In logic, begging the question describes a type of logical fallacy (also called petitio principii) in which the evidence given for a proposition is as much in need of proof as the proposition itself. A common form of begging the question is a circular argument, circulus in probando, vicious circle or circular reasoning in which the proposition to be proved is contained in one of the premises. As a concept in logic the first known definition in the West is by the Greek philosopher Aristotle around 350 B.C., in his book Prior Analytics.
There is controversy over the modern everyday usage of to beg the question, which means something entirely different (see below).
Begging the question and circular argument
Begging the question is sometimes compared to a circular argument, but in fact it is a broader category (every circular argument involves begging the question).
A circular argument is one which assumes the very thing it aims to prove; in essence, the proposition is used to prove itself, a tactic which in its simplest form is not very persuasive. For example here is an attempt to prove that Paul is telling the truth:
- Suppose Paul is not lying when he speaks.
- Whoever speaks and is not lying is telling the truth.
- Therefore, Paul is telling the truth.
These statements are logical, but they do nothing to convince one of the truthfulness of the speaker. The problem is that in seeking to prove Paul's truthfulness, the speaker asks his audience to assume that Paul is telling the truth, so this actually proves "If Paul is not lying, then Paul is telling the truth."
It is important to note that such arguments are logically valid. That is, the conclusion does in fact follow from the premises, since it is in some way identical to the premises. All circular arguments have this characteristic: that the proposition to be proved is assumed at some point in the argument.
Formally speaking, a circular argument has the following structure. For some proposition p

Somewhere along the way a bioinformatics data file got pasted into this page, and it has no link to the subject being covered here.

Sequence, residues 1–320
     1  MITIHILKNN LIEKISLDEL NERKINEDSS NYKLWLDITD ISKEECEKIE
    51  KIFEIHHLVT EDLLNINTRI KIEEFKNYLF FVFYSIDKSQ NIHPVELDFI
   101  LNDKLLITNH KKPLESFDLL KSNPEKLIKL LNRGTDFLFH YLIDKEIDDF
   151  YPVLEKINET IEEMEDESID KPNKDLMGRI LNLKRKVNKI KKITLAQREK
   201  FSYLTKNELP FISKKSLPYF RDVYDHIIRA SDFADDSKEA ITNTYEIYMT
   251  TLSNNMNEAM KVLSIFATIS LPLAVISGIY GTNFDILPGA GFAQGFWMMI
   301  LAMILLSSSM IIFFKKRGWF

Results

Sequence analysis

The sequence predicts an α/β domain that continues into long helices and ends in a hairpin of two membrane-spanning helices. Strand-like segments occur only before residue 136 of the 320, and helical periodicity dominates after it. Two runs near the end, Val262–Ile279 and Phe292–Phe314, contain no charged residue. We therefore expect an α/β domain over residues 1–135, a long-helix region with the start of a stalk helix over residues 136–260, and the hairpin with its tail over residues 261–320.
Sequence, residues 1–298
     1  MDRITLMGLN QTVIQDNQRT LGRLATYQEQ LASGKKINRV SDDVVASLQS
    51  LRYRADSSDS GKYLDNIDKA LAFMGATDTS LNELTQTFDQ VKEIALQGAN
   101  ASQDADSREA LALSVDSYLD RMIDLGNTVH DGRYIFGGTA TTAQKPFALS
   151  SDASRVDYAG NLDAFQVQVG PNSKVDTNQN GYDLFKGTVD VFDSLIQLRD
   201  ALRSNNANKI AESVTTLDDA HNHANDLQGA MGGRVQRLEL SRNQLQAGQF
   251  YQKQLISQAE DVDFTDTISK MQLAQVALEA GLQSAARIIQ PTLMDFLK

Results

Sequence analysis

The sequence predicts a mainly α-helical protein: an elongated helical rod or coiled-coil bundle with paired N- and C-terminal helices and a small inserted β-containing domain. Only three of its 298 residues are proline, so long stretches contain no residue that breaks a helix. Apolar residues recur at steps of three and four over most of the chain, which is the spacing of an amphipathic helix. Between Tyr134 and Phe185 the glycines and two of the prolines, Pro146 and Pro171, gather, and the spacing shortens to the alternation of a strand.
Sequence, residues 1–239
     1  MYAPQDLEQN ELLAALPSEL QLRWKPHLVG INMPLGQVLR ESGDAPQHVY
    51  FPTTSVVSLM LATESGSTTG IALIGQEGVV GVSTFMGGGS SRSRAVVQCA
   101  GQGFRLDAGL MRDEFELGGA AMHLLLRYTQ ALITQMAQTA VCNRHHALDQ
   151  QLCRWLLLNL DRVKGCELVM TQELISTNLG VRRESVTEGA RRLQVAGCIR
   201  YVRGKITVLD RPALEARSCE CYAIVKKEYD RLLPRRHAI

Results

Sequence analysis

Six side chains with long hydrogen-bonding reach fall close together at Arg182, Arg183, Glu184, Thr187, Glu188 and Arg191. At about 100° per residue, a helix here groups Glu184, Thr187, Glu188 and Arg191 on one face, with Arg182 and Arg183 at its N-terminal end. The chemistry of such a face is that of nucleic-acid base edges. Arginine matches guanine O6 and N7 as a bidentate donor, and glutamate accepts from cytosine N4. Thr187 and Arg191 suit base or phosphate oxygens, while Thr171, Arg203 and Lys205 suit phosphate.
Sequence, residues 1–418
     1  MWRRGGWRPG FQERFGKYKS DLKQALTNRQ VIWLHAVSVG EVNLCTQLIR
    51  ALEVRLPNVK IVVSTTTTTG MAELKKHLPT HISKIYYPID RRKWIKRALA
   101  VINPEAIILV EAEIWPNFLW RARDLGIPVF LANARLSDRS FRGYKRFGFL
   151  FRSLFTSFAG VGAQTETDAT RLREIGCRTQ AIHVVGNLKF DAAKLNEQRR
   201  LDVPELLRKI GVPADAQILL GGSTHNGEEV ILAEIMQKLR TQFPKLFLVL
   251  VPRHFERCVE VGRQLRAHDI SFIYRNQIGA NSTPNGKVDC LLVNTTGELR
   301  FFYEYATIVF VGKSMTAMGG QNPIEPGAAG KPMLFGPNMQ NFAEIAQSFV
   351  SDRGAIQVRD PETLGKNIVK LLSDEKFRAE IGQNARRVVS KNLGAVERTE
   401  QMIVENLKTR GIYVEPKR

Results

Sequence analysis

- p implies p
- suppose p
- therefore, p.
The syntactic presentation of circular reasoning is rarely this transparent, as is shown, for example, in the above argument purportedly proving Paul is telling the truth.
Begging the question
The broader category of begging the question (of which a circular argument is a species) includes arguments that do not include the conclusion as one of the premises but do include a premise that is at least as dubious as the proposed conclusion. For example, the statement that one should not walk in the woods alone at night because fairies are likely to bewitch you is an example of begging the question that is not a circular argument.
Another example of begging the question is reducing an assertion to an instance of a more general assertion which is no more known to be true than the more specific assertion:
- All intentional acts of killing human beings are morally wrong.
- The death penalty is an intentional act of killing a human being.
- Therefore the death penalty is wrong.
If the first premise is accepted as an axiom within some moral system or code, this reasoning is a cogent argument against the death penalty. If not, it is in fact a weaker argument than a mere assertion that the death penalty is wrong, since the first premise is stronger than the conclusion.
In an obviously related sense the phrase is occasionally used to mean "avoiding the question". Those who use this variation have apparently missed the circularity of the argument, and understood the phrase to be pointing to a missed premise.
The term itself was translated into English from Latin in the 16th century. The Latin version, Petitio Principii, could be translated more accurately as "petitioning the principle," meaning claiming the truth of the very matter in question, but the more pithy "begging the question" has become the well-known translation.
Modern usage controversy
More recently, to beg the question has been used as a synonym for "to raise the question", or to indicate that "the question really ought to be addressed". For example, "This year's budget deficit is half a trillion dollars. This begs the question: how are we ever going to balance the budget?" This usage is often sharply criticized by proponents of the traditional meaning, but has nonetheless come into sufficiently widespread use that it is now by far the most common use of the term.
Arguments over whether such usage should be considered incorrect are an example of debate over linguistic prescription and description.